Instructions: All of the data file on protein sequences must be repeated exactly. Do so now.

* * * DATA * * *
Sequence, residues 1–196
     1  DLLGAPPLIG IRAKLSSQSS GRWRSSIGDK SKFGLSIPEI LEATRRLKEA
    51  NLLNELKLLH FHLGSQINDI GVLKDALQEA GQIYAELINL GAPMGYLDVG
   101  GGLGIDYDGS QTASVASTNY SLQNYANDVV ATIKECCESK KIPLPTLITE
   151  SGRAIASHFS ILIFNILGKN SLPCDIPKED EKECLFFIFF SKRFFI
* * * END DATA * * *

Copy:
Sequence, residues 1–196
     1  DLLGAPPLIG IRAKLSSQSS GRWRSSIGDK SKFGLSIPEI LEATRRLKEA
    51  NLLNELKLLH FHLGSQINDI GVLKDALQEA GQIYAELINL GAPMGYLDVG
   101  GGLGIDYDGS QTASVASTNY SLQNYANDVV ATIKECCESK KIPLPTLITE
   151  SGRAIASHFS ILIFNILGKN SLPCDIPKED EKECLFFIFF SKRFFI